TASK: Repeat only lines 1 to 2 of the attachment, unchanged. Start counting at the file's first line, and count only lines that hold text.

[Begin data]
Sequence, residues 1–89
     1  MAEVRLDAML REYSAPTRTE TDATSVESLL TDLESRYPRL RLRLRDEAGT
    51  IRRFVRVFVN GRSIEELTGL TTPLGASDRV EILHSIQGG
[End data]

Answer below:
Sequence, residues 1–89
     1  MAEVRLDAML REYSAPTRTE TDATSVESLL TDLESRYPRL RLRLRDEAGT